BONDS OF SOLIDARITY, Maria Fischer •
For over five years, Schoenstatt.org has hosted a service that imitates Fr. Kentenich’s initiative in the early years of Schoenstatt, the beginnings of a Schoenstatt that goes out, specifically to the World War I trenches, making it possible for prayers, thanksgiving and commitments of the Schoenstatt youth to reach the their “little chapel” as they called what we today know as our Original Shrine. By clicking on the “Letters for Mary” link, you can send letters to the Blessed Mother from anywhere in the world. Completely confidential. They are printed, placed in a jar, and become part of the papers with contributions to the capital of grace that are burnt on the 18th of every month. But there are needs that go beyond these letters to the Blessed Mother. So many people are looking for someone to pray for then..and they leave their prayer requests in emails, comments, Whatsapp messages…Of course, there are communities in Schoenstatt that offer up prayers for others. You can call them, you can send them letters, normally in one language. From Nicaragua, for example? Difficult.
There are a few places on the internet where you can send prayer requests – the website for the Sisters of Mary, the website for the Schoenstatt Fathers in Switzerland, the “petition book” on the Original Shrine website, among others. At the same time, there is a desire, not only to “delegate” prayers to those who have this task, but also to pray in solidarity for one another, together… We would need to invent ways to create bonds of solidarity, as part of the mission of schoenstatt.org, something with mutual prayers of solidarity, mutual…something that combines the internationality, multilingualism, and interconnectivity of the 21st century, where distances no longer exist, something like a mutual prayer “Facebook” of solidarity. But there is no need to invent it. It already exists: the network that prays, mayfeelings.com.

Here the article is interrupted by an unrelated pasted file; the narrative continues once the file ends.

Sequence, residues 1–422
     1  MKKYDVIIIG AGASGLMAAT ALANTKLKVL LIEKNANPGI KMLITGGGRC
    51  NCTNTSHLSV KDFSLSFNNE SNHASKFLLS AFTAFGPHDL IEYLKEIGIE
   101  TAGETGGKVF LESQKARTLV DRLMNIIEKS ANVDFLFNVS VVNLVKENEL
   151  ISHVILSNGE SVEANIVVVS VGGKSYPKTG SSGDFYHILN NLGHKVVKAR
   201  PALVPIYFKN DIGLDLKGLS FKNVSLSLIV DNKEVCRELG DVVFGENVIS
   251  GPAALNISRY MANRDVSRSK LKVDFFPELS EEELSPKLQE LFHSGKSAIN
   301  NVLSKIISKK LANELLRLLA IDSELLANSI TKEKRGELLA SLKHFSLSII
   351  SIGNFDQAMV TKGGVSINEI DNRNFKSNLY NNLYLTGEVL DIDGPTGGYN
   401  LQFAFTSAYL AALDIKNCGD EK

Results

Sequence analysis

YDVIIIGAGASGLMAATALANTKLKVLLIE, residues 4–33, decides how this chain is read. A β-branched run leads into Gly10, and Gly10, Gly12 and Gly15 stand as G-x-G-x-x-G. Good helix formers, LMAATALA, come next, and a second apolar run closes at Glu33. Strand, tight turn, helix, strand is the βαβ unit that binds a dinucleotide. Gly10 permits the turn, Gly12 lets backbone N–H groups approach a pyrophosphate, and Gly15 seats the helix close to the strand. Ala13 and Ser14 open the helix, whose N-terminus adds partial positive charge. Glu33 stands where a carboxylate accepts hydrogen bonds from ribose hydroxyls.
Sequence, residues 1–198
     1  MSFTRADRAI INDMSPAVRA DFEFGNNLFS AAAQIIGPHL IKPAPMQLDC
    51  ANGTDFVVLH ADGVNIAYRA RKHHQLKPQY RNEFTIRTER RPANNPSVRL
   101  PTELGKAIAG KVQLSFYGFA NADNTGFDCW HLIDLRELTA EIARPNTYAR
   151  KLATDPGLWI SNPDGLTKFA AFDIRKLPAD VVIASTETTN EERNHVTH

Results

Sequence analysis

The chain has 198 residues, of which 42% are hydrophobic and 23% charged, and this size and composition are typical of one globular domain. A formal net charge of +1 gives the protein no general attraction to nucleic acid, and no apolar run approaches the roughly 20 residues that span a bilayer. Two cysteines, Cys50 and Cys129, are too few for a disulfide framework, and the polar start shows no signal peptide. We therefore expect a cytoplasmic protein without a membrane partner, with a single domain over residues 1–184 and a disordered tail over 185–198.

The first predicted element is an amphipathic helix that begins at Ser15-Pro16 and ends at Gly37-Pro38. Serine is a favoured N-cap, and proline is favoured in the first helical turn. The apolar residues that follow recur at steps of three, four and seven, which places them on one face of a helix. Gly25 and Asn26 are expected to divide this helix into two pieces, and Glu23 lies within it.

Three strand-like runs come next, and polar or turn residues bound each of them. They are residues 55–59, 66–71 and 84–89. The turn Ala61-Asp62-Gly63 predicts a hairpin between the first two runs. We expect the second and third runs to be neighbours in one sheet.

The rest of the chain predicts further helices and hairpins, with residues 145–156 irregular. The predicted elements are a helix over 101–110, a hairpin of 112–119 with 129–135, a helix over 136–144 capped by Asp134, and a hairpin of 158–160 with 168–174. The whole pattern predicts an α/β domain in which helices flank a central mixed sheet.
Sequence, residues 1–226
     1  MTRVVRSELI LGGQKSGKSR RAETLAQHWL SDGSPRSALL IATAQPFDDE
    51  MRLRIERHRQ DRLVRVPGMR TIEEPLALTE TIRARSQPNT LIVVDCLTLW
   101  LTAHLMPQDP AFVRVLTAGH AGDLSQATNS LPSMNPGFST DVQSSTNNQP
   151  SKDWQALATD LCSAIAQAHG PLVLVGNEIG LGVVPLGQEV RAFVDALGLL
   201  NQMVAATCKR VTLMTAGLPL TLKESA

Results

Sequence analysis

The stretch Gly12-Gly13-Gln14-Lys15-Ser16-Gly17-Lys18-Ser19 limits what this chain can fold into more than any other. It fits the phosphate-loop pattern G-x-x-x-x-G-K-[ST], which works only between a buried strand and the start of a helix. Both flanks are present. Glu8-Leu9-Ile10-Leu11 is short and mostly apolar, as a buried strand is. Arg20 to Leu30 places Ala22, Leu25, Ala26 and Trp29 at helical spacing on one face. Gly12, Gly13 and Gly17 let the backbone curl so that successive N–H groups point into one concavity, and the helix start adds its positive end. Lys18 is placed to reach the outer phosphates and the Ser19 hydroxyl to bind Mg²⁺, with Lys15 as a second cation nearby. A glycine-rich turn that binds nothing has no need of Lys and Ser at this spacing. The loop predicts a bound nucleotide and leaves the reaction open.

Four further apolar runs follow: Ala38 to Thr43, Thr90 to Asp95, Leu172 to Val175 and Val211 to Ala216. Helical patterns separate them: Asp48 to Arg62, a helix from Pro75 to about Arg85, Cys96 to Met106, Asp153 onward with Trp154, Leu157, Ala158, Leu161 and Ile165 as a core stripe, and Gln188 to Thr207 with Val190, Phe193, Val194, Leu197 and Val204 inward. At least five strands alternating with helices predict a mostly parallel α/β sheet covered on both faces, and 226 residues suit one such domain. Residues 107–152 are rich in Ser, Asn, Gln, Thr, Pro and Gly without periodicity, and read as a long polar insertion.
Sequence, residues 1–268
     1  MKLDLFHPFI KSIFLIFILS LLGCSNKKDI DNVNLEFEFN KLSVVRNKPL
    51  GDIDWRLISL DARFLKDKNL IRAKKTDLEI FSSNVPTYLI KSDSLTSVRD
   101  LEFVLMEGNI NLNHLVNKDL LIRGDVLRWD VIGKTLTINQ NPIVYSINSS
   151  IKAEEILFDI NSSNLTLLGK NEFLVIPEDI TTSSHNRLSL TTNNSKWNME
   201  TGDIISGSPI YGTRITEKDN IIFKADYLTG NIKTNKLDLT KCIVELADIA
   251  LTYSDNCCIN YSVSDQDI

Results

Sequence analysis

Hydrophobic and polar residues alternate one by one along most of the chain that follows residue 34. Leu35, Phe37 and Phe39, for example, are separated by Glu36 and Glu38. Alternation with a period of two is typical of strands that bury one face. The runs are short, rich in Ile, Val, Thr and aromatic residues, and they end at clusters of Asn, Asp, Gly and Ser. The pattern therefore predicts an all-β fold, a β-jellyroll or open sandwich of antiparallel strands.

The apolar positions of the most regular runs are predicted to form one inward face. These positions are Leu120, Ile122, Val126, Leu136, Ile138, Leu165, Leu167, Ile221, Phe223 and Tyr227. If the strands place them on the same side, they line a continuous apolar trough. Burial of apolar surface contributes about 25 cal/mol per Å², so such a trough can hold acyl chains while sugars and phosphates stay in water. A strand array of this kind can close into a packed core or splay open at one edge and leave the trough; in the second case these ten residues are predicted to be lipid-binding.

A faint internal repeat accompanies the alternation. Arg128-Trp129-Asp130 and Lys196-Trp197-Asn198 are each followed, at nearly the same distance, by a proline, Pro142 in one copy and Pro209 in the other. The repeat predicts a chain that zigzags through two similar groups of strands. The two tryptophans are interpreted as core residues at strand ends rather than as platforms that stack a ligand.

Pray to change the world
Designed by three Spanish guys, Santiago Requejo, Joaquín de los Ríos and Bosco Ybarra, and launched on 1 May 2012, May Feelings is a social network whose motto is to pray to change the world. Apart from their individual faith, the goal of the project is noble enough with some interesting aspects.
How is it possible that in a world filled with social networks there are still people who feel alone?
This is the question that the creators asked and motivated them to create this social network. May Feelings is a meeting place for people who need others to pray for them and those who are ready to pray for the needs of the first group. May Feelings took some ideas from other generalized social networks and brings together a set of basic concepts.
This is how May Feelings works
May Feelings is backed by a limited company, which is correctly identified according to the Spanish legislation. Beyond the legal aspects, the project is financed by its creators and at the moment does not have any other help other than from their own savings. The website is available in five languages: English, French, Italian, Portuguese, and Spanish.